Originally written and slated for publication in 1939, this long-forgotten masterpiece was shelved by Random House when The Grapes of Wrath met with wide acclaim.
In the belief that Steinbeck already adequately explored the subject matter, Babb’s lyrical novel about a farm family’s relentless struggle to survive in both Depression-era Oklahoma and in the California migrant labor camps gathered dust for decades.
Rescued from obscurity by the University of Oklahoma Press, the members of the poor but proud Dunne family and their circle of equally determined friends provide another legitimate glimpse into life on the dust-plagued prairies of the Southwest and in the fertile, but bitterly disappointing, orchards and vineyards of the so-called promised land.
Babb, a native of Oklahoma’s arid panhandle and a volunteer with the Farm Security Administration in Depression-era California, brings an insider’s knowledge and immediacy to this authentically compelling narrative. A slightly less political, more female-oriented, companion piece to The Grapes of Wrath.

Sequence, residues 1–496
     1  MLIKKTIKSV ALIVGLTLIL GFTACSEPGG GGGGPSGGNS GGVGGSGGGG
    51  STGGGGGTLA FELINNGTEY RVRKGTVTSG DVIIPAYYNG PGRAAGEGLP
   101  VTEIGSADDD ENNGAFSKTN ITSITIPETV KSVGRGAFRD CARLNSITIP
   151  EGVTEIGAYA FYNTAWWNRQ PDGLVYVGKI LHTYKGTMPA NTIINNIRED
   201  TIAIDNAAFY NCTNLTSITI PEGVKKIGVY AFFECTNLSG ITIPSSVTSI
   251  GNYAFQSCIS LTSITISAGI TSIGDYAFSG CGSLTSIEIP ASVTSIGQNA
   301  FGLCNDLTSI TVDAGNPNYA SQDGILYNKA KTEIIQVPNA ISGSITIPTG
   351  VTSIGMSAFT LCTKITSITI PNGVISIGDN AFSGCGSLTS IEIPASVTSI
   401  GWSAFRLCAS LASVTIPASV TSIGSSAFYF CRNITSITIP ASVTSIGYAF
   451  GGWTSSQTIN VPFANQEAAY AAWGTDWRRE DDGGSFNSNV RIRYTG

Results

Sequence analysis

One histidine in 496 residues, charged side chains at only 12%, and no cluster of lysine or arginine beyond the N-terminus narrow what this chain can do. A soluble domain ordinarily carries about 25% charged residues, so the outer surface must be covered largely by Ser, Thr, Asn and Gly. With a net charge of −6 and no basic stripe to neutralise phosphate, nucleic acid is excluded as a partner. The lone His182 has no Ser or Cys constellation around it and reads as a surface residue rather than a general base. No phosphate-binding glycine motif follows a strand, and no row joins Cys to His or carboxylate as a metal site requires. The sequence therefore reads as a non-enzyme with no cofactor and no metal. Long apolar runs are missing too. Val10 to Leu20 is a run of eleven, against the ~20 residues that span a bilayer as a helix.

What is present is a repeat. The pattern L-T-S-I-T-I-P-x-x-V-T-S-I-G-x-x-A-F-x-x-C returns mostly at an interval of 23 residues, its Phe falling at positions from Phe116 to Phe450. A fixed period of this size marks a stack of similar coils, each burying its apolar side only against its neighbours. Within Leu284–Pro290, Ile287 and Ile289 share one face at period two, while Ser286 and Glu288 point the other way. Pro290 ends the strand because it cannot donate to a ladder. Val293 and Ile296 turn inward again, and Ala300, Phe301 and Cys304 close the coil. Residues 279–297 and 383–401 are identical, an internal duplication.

School Rules Over the Years
Whose Names Are Unknown by Sanora Babb
My rating: 5 of 5 stars
Really appreciated this one. I read it for Life’s Library Book Club. I’d recommend it to anyone.
I had no idea the connection to Steinbeck. I remember reading about the Dust Bowl in grade school, in more recent years Ken Burn’s PBS documentary. Such an interesting phenomenon from preceding events to the sequela, this book really captures it all. Events to emotion.
Love the details of life that depicted a sense of community.
I’ll just list out what I loved.
The visuals. Adjective and adverbs in threes which I thought was different. I loved the overall rhythm. The imagery with what I felt to be deliberate word choices that were unique throughout the book.
I love the way the author set the tone, the livelihood, the customs, daily life.
My Favorite Lines
“They would rise and fall and, in their falling, rise again.”
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